Juul bought ads ap­pear­ing on youth web­sites, suit says

San Francisco Chronicle - - BUSINESS - By Sheila Kaplan Sheila Kaplan is a New York Times writer.

Juul Labs, the San Fran­cisco va­p­ing com­pany that has long in­sisted it never mar­keted its prod­ucts to teenagers, pur­chased ad space in its early days on nu­mer­ous youth­fo­cused web­sites, in­clud­ing those of Nickelodeo­n, the Car­toon Net­work, Sev­en­teen mag­a­zine and educationa­l sites for mid­dle school and high school stu­dents, ac­cord­ing to a law­suit filed Wed­nes­day by the Mas­sachusetts at­tor­ney gen­eral.

The suit, brought against Juul by the state’s at­tor­ney gen­eral, Maura Healey, pre­sents some of the stark­est ev­i­dence to date that the com­pany was go­ing af­ter young non­smok­ers soon af­ter its found­ing, from June 2015 through early 2016.

Juul ex­ec­u­tives de­clined im­me­di­ate com­ment on the law­suit.

Ac­cord­ing to the law­suit, Juul re­jected an ini­tial mar­ket­ing pro­posal by a mar­ket­ing firm it had hired, Cult Col­lec­tive, that would have branded it as a tech­nol­ogy com­pany with a tar­get au­di­ence of adult smok­ers. The pro­posal that was re­jected fea­tured im­ages of out­dated tech­nol­ogy like clunky tele­phones and joy­sticks, with a pic­ture of a Juul de­vice and the words, “Smok­ing Evolved.”

In­stead, the law­suit says, Juul dropped Cult Col­lec­tive, and hired an in­house in­terim art di­rec­tor to pro­duce “Va­por­ized,” the youthori­ented cam­paign, fea­tur­ing beau­ti­ful mod­els in provoca­tive poses.

“Juul de­cided against do­ing an ad cam­paign de­signed for an older au­di­ence and in­stead specif­i­cally chose one that tar­geted young peo­ple,” Healey said. “The in­for­ma­tion that we un­cov­ered in our in­ves­ti­ga­tion demon­strates Juul’s in­tent — they didn’t ac­ci­den­tally cre­ate an ad­ver­tis­ing cam­paign

with young and at­trac­tive peo­ple — that’s what they were go­ing for all along.”

The 66­page com­plaint in­cludes im­ages of young mod­els that it claims were dis­played in dig­i­tal ads on web­sites, mo­bile apps and so­cial me­dia. It in­cludes an ex­ten­sive list of sites where Juul prod­ucts were pro­moted that the law­suit says were clearly de­signed for teenagers and even younger chil­dren.

The suit says Juul paid a com­pany to place dig­i­tal pro­mo­tions across web­sites.

The list where they ran in­cludes educationa­l sites like Ba­sic­Math­e­mat­ics, Cool­math, MathAids, Math Play­ground, Math way, On­line MathLearn­ing, Pur­ple math and So­cial Stud­ies for Kids.

It in­cludes sites de­signed for young girls such as such as Daily Dres­sup Games, Didi Games, ForHerGame­s, Games2­Girls, Girl­Games and Girls­GoGames.com.

It also in­cludes sites geared to high school stu­dents look­ing at col­leges, like Col­lege Con­fi­den­tial, and sites aimed at much younger chil­dren, in­clud­ing All FreeKids Crafts, Hello Kids and Kids­Game­Heroes.

The law­suit charges that Juul at­tempted to re­cruit celebri­ties and so­cial me­dia per­son­al­i­ties with large num­bers of un­der­age fol­low­ers, such as Miley Cyrus, Cara Delev­ingne, Kristen Ste­wart, Luka Sab­bat and Tavi Gevin­son.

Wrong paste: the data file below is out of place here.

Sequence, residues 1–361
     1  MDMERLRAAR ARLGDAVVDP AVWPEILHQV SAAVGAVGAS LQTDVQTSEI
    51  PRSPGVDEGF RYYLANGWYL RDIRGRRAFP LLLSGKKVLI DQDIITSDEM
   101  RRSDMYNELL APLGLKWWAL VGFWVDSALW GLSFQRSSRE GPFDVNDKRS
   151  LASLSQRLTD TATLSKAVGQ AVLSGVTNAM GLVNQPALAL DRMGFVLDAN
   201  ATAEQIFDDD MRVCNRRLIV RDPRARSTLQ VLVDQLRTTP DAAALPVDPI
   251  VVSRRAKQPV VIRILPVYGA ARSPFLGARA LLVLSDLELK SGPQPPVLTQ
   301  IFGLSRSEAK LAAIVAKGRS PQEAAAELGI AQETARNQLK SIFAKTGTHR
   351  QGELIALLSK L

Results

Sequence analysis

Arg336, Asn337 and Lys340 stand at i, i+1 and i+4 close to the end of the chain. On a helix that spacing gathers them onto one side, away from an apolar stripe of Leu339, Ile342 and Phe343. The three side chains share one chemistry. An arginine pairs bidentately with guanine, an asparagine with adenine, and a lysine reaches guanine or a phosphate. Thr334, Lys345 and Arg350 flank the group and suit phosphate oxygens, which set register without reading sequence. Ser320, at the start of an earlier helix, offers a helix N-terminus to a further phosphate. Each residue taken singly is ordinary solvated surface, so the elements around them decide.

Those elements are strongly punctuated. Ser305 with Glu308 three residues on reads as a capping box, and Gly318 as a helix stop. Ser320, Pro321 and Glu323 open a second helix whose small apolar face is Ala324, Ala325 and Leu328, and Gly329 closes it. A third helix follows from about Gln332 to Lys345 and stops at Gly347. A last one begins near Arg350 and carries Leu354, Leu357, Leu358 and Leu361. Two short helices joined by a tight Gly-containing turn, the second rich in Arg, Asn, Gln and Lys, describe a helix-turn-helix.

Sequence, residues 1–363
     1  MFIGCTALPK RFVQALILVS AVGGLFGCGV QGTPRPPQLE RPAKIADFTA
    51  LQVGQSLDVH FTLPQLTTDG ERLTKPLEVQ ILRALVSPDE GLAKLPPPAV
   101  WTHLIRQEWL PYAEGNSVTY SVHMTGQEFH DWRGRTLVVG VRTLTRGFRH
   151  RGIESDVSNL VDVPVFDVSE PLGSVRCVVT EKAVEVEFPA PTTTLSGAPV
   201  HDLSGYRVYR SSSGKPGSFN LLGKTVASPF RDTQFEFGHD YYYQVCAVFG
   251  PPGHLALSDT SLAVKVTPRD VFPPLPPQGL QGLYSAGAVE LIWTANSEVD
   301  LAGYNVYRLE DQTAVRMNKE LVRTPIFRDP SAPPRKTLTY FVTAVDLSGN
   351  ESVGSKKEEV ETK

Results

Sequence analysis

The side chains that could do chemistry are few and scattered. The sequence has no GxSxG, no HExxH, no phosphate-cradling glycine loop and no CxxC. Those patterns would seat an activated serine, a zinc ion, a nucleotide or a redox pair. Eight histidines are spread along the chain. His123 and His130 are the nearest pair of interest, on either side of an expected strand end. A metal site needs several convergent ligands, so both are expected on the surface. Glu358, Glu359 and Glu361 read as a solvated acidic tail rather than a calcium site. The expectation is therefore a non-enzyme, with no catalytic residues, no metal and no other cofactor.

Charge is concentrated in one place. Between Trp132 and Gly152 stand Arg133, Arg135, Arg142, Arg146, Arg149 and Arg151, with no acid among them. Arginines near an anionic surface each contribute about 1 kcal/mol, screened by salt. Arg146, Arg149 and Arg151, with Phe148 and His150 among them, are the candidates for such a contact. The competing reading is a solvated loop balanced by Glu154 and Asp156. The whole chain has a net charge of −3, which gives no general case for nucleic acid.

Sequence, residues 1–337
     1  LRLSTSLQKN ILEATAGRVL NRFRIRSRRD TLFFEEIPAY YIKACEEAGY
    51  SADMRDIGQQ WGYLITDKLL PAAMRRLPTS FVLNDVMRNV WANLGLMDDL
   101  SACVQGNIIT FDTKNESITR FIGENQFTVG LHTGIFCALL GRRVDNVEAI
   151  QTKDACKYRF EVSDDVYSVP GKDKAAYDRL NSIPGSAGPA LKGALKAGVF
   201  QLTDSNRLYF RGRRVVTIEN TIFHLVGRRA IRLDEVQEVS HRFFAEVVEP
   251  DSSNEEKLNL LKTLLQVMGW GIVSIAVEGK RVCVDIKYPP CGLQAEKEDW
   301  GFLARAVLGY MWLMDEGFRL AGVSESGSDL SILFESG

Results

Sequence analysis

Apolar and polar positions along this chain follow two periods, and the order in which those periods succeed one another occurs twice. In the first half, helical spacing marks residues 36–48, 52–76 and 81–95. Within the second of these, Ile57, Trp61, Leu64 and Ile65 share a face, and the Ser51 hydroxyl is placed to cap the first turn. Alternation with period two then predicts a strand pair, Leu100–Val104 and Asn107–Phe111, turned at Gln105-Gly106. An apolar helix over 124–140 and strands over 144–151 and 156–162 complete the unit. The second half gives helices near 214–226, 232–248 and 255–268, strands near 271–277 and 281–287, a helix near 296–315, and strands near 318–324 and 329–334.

It also claims that Juul shipped elec­tronic cig­a­rettes to cus­tomers who gave stu­dent email ad­dresses at high schools.

“Juul al­lowed more than 1,200 ac­counts to be es­tab­lished for Mas­sachusetts con­sumers us­ing school email ad­dresses, in­clud­ing email ad­dresses as­so­ci­ated with high schools in Bev­erly, Malden and Brain­tree, and shipped its prod­ucts to re­cip­i­ents with ob­vi­ously fab­ri­cated names, like ‘PodGod,’ ” the law­suit states.

The com­plaint also con­tained an email sent from a Juul cus­tomer ser­vice ad­dress ad­vis­ing a young cus­tomer how to get around age re­stric­tions. In the email from sup­[email protected]­ul­va­por.com dated Feb. 21, 2018, the com­plaint says, “Don from the ‘Juul Care Team’ told a con­sumer whose or­der had been can­celed due to an age ver­i­fi­ca­tion fail­ure: ‘The le­gal age to pur­chase ni­co­tine prod­ucts in Mil­ton, Mass. is 21 years old and above. If you have friends or rel­a­tives in Quincy, Mass., you may use their ad­dress as a ship­ping ad­dress for your or­der.’ ”

The law­suit claims that Juul worked with hun­dreds of Mas­sachusetts stores to sell its prod­ucts, in­clud­ing ap­prox­i­mately 850 stores the com­pany knew were cited by the Food and Drug Ad­min­is­tra­tion for at­tempt­ing to sell to­bacco prod­ucts to un­der­age teenagers. Al­though Juul caught some of these stores try­ing to sell its de­vices and pods to youths, the law­suit says, it con­tin­ued to work with those stores.

The law­suit comes at a time when Juul is strug­gling to im­prove its rep­u­ta­tion. K.C. Crosth­waite, who re­placed Kevin Burns as CEO in Septem­ber, stopped sales of most fla­vored e­cig­a­rettes be­fore the re­cent FDA fla­vor ban.

Juul, like other eci­garette com­pa­nies, has un­til May to ap­ply for FDA ap­proval to stay on the mar­ket. The FDA will con­sider sev­eral fac­tors, among them whether Juul can keep its prod­ucts out of the hands of mi­nors.

This week, the state of Penn­syl­va­nia sued Juul, al­leg­ing that the com­pany mis­led con­sumers about the ad­dic­tive na­ture of its liq­uid ni­co­tine pods and mar­keted them to youths. Josh Shapiro, the state’s at­tor­ney gen­eral, asked the court to ban Juul, or, bar­ring that, ban all non­to­bacco­fla­vored Juul prod­ucts.

Ari­zona, Cal­i­for­nia, Illi­nois, Min­nesota, Mis­sis­sippi, New York and North Carolina are among the other states that have sued Juul over its mar­ket­ing prac­tices, as well as the District of Columbia.

“The in­for­ma­tion that we un­cov­ered in our in­ves­ti­ga­tion demon­strates Juul’s in­tent.”

Mas­sachusetts At­tor­ney Gen­eral Maura Healy

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